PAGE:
If we look at our fight against this virus in another way, it shows us something about fallibility and vulnerability of human thinking. Let me explain what I mean with a bit of humour. After all, it is mind boggling that the entire humanity of over 7.8 billion people (each person having an average of 37.2 trillion cells with brain cells alone taking up more than 100 billion cells that are so developed and have knowledge in science and technology to go even to the moon and beyond) is losing a fight against a short string of protein without brain or even a cell structure. Everything we have built to support our lives is put on hold by this microscopic thing that is not even qualified in our classification as a life on its own. This small string of molecules with no thoughts or particular purpose is outsmarting highly evolved and developed humans. While losing against such a miniscule with no brained opponent hands down, the intellectuals with massive brain power are pronouncing with confidence on God’s existence. They can defeat God, but they have not been able to find out how this invisibly small string of molecules with no brain and no life gets spread around to create havoc in human lives. Okay, that’s enough fun for now.

The point is that we as humanity misses a point if we are thinking about whether God exists, or whether Christian churches are essential or non-essential in human lives. We miss the mark even wider if we try to figure out if this terrible pandemic is God’s judgment on us for our sins or God’s way of teaching us a lesson. What we need to remember is that as Christians we understand the world differently. We live a life of faith that is not only about believing but also about bearing witness of God’s love in the world. We live a life of hope that is always focused on the past, present and future all at once. Our hope is made stronger by remembering the way God loved us in the past, overcoming the present difficulties by becoming the body of Christ through which God’s reign breaks in and always anticipating life in God’s eternal reign. Our love sustains life as we live out the love we have received from Christ in our way we love God and our neighbours. As we discussed last Sunday on the occasion of Thanksgiving, everything we do in life is the expression of our gratitude for the love we have experienced.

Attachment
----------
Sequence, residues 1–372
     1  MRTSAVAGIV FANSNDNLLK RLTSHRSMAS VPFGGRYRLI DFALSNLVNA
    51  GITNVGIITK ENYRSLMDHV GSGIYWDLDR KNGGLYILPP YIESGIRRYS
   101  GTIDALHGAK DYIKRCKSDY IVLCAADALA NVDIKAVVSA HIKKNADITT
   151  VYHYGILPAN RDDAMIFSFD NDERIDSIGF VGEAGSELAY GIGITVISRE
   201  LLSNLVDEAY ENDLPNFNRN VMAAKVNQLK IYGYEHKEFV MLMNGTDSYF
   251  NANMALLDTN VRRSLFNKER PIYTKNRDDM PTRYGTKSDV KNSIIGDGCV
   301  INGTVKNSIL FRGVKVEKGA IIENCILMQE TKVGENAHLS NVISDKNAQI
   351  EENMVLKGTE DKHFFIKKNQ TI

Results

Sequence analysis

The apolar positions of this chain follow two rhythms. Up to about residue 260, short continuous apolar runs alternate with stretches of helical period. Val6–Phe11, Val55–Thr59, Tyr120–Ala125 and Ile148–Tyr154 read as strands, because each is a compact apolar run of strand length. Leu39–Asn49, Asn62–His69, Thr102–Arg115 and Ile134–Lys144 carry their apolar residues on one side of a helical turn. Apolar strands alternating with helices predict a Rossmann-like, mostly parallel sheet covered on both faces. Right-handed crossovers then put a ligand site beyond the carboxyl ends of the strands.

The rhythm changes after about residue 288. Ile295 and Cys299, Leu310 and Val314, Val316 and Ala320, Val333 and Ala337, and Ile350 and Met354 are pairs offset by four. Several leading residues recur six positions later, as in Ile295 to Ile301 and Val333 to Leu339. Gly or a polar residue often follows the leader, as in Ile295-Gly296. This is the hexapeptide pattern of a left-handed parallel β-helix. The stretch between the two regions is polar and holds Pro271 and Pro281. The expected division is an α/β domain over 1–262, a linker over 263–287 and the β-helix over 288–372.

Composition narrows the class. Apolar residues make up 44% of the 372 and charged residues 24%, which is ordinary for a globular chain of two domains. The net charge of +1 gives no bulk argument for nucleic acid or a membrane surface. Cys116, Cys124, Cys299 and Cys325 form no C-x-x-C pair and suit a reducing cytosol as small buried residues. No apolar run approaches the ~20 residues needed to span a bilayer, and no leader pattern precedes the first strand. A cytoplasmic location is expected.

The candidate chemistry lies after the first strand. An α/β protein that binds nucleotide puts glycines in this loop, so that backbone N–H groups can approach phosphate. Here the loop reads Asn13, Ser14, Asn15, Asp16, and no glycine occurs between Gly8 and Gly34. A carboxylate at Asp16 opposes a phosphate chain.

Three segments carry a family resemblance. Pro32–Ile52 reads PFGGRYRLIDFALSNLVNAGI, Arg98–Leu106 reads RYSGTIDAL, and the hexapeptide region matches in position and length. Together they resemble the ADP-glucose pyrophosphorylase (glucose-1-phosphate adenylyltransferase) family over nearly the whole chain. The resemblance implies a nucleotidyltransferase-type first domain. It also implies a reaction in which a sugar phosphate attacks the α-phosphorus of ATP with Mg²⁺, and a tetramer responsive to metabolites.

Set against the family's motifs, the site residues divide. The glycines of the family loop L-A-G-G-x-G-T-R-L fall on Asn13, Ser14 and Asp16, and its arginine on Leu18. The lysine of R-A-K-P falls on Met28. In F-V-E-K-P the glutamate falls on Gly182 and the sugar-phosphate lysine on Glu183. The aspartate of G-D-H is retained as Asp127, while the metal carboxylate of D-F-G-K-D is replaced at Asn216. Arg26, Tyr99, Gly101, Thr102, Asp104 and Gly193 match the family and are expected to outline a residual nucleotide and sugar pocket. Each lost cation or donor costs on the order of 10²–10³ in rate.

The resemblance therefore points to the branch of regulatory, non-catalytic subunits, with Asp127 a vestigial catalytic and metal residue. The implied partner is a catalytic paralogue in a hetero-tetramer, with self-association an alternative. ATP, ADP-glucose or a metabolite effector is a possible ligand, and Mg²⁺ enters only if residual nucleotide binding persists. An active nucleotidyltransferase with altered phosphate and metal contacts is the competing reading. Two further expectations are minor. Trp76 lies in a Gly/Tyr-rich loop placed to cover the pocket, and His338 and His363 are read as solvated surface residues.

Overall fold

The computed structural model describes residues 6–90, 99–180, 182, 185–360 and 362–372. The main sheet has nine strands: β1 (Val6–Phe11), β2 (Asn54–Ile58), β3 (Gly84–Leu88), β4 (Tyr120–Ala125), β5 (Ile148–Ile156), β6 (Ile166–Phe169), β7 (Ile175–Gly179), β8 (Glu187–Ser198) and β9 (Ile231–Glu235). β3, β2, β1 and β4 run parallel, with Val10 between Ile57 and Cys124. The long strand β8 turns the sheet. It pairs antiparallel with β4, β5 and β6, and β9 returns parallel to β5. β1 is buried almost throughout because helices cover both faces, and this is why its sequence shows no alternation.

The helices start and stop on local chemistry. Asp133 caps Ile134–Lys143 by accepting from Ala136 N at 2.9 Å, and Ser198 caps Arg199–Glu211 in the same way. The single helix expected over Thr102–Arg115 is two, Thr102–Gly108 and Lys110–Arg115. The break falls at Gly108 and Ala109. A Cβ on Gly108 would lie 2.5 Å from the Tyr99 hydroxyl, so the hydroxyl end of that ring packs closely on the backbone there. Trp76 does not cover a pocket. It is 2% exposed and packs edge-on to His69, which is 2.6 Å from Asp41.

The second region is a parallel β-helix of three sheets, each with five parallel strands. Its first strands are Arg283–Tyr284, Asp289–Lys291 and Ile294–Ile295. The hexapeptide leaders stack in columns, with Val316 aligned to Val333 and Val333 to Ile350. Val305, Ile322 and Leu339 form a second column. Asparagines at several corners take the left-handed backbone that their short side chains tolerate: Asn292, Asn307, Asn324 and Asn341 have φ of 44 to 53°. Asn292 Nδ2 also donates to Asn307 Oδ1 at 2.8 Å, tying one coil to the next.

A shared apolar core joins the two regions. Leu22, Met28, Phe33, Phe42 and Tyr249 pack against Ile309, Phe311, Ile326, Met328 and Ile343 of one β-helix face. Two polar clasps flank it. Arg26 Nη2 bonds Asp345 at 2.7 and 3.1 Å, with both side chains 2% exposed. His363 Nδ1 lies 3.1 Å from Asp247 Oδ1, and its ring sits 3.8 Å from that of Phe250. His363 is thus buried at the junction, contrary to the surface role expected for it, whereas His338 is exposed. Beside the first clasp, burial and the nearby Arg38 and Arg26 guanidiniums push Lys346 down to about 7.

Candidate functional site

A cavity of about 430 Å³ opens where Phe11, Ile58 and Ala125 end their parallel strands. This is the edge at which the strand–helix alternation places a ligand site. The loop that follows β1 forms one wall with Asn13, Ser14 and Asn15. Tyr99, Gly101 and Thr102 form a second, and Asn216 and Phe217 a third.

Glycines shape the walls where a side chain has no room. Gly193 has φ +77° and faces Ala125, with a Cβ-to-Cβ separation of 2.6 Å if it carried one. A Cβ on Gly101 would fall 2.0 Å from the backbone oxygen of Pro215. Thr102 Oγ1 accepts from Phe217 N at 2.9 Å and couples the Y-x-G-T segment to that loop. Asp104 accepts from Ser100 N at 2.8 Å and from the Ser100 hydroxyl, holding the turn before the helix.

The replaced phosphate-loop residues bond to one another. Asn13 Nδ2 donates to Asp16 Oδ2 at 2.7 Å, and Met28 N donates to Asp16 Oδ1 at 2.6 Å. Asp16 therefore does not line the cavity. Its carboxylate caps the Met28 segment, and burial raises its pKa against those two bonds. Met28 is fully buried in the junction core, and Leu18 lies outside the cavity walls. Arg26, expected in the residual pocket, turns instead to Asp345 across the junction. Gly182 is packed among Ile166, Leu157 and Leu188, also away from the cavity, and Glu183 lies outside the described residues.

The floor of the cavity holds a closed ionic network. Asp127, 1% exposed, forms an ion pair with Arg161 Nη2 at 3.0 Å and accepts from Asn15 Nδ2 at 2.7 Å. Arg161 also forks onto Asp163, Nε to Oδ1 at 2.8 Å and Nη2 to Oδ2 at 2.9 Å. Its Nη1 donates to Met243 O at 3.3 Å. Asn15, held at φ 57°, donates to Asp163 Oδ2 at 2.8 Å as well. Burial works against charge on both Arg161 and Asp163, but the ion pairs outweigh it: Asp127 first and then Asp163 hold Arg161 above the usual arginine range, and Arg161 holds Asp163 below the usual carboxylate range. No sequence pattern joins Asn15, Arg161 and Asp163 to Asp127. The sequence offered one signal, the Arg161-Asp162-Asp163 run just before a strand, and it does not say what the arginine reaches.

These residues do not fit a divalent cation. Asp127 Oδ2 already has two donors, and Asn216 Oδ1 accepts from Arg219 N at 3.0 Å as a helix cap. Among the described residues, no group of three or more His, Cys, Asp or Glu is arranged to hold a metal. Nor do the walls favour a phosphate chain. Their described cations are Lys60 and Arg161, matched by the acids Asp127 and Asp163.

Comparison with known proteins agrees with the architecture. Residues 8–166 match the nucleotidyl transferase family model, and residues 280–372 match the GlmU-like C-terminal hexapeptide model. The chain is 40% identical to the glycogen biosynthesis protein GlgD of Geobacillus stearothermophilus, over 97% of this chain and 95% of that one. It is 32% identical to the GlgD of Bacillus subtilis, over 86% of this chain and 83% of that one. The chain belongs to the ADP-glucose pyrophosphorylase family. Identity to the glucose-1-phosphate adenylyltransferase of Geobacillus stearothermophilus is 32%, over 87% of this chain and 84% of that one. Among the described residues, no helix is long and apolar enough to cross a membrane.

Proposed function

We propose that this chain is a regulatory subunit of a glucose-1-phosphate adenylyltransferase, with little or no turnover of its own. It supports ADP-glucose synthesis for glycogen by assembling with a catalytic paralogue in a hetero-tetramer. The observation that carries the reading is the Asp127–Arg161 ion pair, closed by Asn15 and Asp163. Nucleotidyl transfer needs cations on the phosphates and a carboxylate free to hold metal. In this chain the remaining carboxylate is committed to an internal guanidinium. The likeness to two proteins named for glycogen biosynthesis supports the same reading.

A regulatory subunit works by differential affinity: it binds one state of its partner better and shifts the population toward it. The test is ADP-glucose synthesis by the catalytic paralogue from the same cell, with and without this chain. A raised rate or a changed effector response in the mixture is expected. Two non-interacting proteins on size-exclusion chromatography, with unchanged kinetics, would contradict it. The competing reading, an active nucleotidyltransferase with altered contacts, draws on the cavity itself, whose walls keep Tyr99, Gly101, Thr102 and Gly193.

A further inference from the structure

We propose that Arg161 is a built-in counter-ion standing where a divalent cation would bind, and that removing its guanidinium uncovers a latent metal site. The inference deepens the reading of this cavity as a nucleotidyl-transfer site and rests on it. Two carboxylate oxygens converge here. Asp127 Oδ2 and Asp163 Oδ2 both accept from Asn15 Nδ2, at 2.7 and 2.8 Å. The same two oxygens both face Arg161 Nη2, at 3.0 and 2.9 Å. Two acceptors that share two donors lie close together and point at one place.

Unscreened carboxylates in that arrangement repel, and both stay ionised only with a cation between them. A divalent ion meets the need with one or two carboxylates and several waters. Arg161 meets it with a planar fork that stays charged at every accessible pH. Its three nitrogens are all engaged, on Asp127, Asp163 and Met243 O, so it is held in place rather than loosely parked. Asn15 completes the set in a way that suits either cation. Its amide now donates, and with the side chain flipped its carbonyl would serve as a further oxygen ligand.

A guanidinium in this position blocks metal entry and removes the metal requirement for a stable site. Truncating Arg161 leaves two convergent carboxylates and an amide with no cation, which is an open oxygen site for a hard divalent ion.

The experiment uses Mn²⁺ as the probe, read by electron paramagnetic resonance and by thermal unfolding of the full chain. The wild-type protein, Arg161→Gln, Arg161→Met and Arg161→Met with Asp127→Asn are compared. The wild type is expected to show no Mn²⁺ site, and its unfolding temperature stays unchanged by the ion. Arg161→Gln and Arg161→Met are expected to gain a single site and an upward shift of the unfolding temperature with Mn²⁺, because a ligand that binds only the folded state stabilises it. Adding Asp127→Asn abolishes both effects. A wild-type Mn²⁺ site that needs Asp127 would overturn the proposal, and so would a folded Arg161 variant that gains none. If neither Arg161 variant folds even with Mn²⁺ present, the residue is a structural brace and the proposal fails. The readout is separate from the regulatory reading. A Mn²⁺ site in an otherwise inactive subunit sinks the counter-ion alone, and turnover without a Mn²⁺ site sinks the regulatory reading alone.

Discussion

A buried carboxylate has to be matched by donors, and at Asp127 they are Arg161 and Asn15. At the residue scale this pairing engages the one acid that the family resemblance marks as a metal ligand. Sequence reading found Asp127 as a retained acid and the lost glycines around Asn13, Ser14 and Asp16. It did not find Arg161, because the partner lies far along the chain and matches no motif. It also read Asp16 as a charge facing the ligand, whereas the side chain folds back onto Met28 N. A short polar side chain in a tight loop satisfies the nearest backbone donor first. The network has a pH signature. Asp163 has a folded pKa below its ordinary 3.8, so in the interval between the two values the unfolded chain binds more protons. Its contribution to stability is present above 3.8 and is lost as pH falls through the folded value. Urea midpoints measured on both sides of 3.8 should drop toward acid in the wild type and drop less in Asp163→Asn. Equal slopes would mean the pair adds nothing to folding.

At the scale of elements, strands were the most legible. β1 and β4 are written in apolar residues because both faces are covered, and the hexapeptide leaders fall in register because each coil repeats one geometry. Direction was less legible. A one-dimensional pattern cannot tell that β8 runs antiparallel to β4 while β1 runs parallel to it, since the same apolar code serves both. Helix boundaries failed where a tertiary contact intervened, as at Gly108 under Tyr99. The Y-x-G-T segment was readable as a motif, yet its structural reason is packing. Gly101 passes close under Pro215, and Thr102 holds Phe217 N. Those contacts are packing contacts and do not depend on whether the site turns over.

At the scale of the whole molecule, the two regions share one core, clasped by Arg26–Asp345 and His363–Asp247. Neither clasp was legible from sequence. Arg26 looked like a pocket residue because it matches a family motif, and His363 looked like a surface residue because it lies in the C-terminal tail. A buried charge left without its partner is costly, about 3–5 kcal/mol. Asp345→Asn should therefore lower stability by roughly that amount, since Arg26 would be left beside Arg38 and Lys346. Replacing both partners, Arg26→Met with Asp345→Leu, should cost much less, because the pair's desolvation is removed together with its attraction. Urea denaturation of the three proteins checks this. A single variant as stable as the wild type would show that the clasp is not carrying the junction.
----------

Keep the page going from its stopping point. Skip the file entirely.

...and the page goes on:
Our task is primarily to be good stewards of the world as God’s people expressing our gratitude to God. This stewardship is shown not on proving or disproving God’s existence in argument with others. It is not shown in being able to defy rules of infection prevention. It is not demonstrated through wars we wage against the people and the world that disagree with us. It is not in displaying Christianity’s superiority over all other religions. It is demonstrated in setting the Table of the Lord in the middle of this broken, warring, and pain-filled world inviting all who are hungry, lost, homeless, poor, sick, in despair, broken, in deep pain, in fear and sick to come to the table and be filled there. It is displayed in our actions of welcoming, embracing and sharing God’s love as everyone takes her seat at the table. It is in serving them as if we are serving Christ regardless who these people may appear to be. Christians have known this task of stewardship from the very beginning.